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Portrait, oil on canvas, of Sir Samuel Romilly (1757–1818) by Sir Thomas Lawrence (1769–1830)
Sir Samuel Romilly (1 March 1757 – 2 November 1818), was a Britishmarker legal reformer.

Samuel Romilly was born in Frith Street, Sohomarker, Londonmarker, the second son of Peter Romilly, a watchmaker and jeweller. His grandfather had emigrated from Montpelliermarker after the revocation of the edict of Nantes, and had married Margaret Garnault, a Huguenot refugee like himself, but of a far wealthier family. Samuel served for a time in his father's shop; he was well-educated, becoming a good classical scholar and particularly conversant with French literature. A legacy of £2000 from one of his mother's relations led to his being articled to a solicitor and clerk in chancery with the idea of qualifying himself to purchase the office of one of the six clerks in chancery.

In 1778, however, he determined to go to the bar, and entered himself at Gray's Innmarker. He went to Genevamarker in 1781, where he made the acquaintance of the chief democratic leaders, including Étienne Dumont. Called to the bar in 1783, he went the midland circuit, but was chiefly occupied with chancery practice. On the publication of Martin Madan's Thoughts on Executive Justice, advocating the increase of capital punishments, he at once wrote and published in 1786 Observations on Madan's book.

Of more general interest is his intimacy with the great Honoré Mirabeau, to whom he was introduced in 1784. Mirabeau saw him daily for a long time and introduced him to Lord Lansdowne, who highly appreciated him, and, when Mirabeau became a political leader, it was to Romilly that he applied for an account of the procedure used in the British House of Commonsmarker.

He visited Parismarker in 1789, and studied the course of the Revolution there; and in 1790 he published his Thoughts on the Probable Influence of the Late Revolution in France upon Great Britain, a work of great power. His practice at the chancery bar continued largely to increase, and in 1800 he was made a K.C. In 1798 he married Anne, daughter of Francis Garbett of Knill Court, Herefordshire; and in 1805 he was appointed chancellor of the county palatine of Durham.

His great abilities were thoroughly recognized by the Whig party, to which he attached himself; and in 1806, on the accession of the "Ministry of All the Talents" to office, he was offered the post of solicitor general, although he had never sat in the House of Commons. He accepted the office, and was knighted and brought into parliament for Queenborough. He went out of office with the government, but remained in the House of Commons, sitting successively for Horsham, Wareham and Arundel.

Memoirs of Samuel Romilly, 1840
It was now that Sir Samuel Romilly commenced the greatest labour of his life, his attempt to reform the criminal law of England and Wales, then at once cruel and illogical. His work in reforming criminal law began with his Thoughts on Executive Justice (1786), which developed the views of Beccaria . By statute law, innumerable offences were punished by death, but, as such wholesale executions would be impossible, the larger number of those convicted and sentenced to death at every assizes were respited, after having heard the sentence of death solemnly passed upon them. This led to many acts of injustice, as the lives of the convicts depended on the caprice of the judges, while at the same time it made the whole system of punishments and of the criminal law ridiculous.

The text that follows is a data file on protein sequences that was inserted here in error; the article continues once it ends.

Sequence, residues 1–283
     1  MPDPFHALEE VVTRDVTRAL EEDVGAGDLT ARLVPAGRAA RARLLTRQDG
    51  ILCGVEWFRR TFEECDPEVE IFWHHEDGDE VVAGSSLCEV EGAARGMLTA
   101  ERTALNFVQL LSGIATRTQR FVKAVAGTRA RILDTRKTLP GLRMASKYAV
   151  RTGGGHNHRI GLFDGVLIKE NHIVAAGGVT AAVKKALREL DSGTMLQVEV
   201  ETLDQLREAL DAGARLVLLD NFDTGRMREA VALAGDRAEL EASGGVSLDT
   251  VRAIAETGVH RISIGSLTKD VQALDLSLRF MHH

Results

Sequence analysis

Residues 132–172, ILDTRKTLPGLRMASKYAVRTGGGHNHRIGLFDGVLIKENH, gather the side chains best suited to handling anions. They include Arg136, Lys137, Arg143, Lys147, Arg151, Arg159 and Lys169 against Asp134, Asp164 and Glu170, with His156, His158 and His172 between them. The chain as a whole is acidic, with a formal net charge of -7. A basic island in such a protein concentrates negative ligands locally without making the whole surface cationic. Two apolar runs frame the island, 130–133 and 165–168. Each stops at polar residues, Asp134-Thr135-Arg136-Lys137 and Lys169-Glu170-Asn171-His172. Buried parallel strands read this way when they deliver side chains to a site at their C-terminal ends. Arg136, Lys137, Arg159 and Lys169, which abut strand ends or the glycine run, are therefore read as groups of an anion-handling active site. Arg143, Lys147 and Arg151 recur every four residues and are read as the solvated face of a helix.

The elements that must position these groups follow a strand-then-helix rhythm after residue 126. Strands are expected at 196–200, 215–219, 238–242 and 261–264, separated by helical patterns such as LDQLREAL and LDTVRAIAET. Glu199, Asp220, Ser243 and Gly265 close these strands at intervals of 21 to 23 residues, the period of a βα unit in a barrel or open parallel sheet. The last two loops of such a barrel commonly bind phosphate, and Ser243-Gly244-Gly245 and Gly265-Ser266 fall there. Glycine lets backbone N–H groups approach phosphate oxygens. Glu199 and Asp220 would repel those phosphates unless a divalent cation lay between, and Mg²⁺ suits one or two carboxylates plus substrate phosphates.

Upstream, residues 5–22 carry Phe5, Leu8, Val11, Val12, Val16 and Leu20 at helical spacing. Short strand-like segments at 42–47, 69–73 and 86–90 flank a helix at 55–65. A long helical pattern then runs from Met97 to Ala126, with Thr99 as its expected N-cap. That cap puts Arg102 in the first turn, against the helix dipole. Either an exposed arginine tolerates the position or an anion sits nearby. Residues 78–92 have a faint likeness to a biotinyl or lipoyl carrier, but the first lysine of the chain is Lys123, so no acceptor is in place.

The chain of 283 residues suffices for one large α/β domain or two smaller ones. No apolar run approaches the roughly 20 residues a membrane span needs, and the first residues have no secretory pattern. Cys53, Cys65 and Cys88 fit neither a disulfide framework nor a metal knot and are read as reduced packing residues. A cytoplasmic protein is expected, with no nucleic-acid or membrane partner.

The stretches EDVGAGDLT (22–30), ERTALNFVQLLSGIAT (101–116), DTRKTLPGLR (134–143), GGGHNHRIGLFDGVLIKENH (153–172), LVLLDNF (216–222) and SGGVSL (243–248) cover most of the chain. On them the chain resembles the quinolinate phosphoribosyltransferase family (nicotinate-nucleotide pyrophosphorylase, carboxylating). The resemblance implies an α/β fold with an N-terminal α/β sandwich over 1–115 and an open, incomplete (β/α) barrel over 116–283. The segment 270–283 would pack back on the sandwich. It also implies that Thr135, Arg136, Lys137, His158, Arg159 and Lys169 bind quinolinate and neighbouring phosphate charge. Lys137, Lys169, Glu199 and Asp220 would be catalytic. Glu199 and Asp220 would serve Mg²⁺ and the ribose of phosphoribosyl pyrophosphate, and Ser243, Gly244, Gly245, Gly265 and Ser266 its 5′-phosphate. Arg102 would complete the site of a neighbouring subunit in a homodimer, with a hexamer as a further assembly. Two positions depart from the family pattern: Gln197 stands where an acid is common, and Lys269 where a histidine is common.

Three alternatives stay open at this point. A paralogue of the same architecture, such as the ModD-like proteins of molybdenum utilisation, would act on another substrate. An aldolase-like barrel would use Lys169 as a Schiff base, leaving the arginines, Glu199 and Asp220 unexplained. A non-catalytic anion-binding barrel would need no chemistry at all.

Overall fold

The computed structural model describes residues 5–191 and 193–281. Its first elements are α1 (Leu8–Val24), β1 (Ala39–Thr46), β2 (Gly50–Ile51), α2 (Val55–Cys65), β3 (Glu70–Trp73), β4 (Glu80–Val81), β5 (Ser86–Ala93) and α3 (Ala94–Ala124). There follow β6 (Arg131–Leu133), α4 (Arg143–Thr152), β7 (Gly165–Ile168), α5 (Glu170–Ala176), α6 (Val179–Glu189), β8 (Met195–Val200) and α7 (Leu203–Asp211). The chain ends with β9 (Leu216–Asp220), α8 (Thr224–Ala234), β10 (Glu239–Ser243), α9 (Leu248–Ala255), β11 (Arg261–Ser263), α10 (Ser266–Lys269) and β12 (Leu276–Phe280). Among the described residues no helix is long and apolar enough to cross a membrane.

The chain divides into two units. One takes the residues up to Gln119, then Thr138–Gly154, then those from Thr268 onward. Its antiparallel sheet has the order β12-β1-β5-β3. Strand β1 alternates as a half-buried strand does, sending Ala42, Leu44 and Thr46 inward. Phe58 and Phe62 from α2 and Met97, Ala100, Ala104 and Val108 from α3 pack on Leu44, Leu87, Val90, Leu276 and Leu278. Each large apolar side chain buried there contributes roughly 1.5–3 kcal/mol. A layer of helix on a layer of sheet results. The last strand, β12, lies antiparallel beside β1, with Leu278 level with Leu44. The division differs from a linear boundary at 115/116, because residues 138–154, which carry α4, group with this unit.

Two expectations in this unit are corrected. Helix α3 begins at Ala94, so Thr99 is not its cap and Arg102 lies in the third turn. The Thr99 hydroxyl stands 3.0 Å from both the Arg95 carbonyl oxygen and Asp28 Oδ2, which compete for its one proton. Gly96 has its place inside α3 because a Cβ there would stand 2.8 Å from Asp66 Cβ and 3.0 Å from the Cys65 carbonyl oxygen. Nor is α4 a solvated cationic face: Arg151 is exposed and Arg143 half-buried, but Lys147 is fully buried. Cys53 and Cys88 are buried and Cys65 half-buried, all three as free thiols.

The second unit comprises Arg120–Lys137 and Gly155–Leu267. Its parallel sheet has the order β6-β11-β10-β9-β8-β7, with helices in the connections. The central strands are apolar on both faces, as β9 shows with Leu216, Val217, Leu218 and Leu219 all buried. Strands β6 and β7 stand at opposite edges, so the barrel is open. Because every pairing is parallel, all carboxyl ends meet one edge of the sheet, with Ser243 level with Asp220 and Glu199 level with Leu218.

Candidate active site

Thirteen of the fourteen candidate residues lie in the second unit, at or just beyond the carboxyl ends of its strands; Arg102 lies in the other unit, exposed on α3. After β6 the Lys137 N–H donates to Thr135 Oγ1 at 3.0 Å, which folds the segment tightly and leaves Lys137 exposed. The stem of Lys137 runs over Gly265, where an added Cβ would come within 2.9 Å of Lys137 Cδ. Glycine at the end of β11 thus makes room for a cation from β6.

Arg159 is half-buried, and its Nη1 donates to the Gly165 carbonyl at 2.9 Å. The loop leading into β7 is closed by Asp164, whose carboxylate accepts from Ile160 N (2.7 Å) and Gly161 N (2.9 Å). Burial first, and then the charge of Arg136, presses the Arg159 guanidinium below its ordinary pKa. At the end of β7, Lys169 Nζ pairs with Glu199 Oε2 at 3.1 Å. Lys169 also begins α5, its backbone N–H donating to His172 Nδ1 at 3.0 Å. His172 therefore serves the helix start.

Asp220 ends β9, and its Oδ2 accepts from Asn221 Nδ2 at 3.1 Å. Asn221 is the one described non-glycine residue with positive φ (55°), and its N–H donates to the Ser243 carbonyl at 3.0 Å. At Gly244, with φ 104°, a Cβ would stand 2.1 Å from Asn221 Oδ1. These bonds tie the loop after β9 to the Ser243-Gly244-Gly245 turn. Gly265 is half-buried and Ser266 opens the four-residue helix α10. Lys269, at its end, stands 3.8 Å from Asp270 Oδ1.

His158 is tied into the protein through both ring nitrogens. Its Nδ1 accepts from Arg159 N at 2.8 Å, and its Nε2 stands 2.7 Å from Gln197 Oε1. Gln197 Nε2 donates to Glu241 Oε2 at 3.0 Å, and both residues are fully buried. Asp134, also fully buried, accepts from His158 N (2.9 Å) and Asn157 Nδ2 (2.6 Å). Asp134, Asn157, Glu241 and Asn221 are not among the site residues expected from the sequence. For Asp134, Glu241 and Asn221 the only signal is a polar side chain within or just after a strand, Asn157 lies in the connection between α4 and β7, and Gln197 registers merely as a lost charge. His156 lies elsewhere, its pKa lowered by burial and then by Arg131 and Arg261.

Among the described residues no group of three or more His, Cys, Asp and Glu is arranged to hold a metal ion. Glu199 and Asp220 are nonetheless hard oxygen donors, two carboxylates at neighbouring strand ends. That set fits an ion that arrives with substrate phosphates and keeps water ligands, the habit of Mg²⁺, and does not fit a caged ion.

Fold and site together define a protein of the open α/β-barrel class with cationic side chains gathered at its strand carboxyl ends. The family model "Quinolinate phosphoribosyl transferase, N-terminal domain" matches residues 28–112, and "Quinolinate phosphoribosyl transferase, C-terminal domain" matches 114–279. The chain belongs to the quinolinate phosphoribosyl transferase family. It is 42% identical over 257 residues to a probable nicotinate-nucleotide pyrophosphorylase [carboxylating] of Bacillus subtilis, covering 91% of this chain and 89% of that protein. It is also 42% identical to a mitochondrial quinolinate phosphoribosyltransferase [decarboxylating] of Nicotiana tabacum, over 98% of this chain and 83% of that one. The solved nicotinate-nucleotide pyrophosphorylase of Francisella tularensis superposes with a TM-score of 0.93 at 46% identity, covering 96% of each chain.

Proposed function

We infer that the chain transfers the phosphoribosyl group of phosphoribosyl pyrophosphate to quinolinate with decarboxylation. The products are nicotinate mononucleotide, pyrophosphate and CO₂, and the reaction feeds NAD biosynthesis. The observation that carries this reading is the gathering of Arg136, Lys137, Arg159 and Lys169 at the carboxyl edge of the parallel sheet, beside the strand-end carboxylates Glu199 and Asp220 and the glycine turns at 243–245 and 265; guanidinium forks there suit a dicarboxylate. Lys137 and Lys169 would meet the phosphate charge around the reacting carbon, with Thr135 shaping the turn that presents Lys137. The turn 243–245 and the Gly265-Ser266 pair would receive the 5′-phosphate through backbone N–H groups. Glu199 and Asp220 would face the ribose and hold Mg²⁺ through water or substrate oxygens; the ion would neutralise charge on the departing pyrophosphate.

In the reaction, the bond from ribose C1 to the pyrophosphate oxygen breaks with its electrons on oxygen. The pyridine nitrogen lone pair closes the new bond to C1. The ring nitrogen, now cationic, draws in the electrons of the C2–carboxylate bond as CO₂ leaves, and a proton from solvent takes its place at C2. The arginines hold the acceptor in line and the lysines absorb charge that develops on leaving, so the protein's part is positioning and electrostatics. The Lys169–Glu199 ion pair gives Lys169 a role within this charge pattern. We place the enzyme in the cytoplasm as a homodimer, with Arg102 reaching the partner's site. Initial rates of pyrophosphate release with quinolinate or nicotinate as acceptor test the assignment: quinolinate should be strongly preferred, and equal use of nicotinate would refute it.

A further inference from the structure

Romilly saw this, and in 1808, he managed to repeal the Elizabethan statute, which made it a capital offence to steal from the person. This success, however, raised opposition, and in the following year, three bills repealing equally sanguinary statutes were thrown out by the House of Lordsmarker under the influence of Lord Ellenborough. Year after year, the same influence prevailed, and Romilly saw his bills rejected; but his patient efforts and his eloquence ensured victory eventually for his cause by opening the eyes of the people of Enland and Wales to the barbarity of their criminal law. The only success he had was in securing the repeal in 1812 of a statute of Elizabeth making it a capital offence for a soldier or a mariner to beg without a pass from a magistrate or his commanding officer.

Sir Samuel Romilly's efforts made his name famous not only in the UK but all over Europe, and in 1818, he had the honour of being returned at the head of the poll for the city of Westminstermarker. He did not long survive his triumph. On 29 October 1818 Lady Romilly died in the Isle of Wightmarker. The shock was dreadful to Romilly. In his agony he fell into a delirium, and in a moment, when unwatched, he sprang from his bed, cut his throat, and expired in a few minutes. The sad event took place at his house in Russell Square, London on 2 November 1818. No man of his time was more loved than Sir Samuel Romilly; his singularly sweet nature, his upright manliness, his eloquence and his great efforts on behalf of humanity secured him permanent fame.

See the Memoirs of the Life of Sir Samuel Romilly written by himself, with a selection from his Correspondence, edited by his sons (3 vols., 1840); The Speeches of Sir Samuel Romilly in the House of Commons (2 vols., 1820); Life and Work of Sir Samuel Romilly, by Sir WJ Collins, in Trans. of the Huguenot Society (1908).

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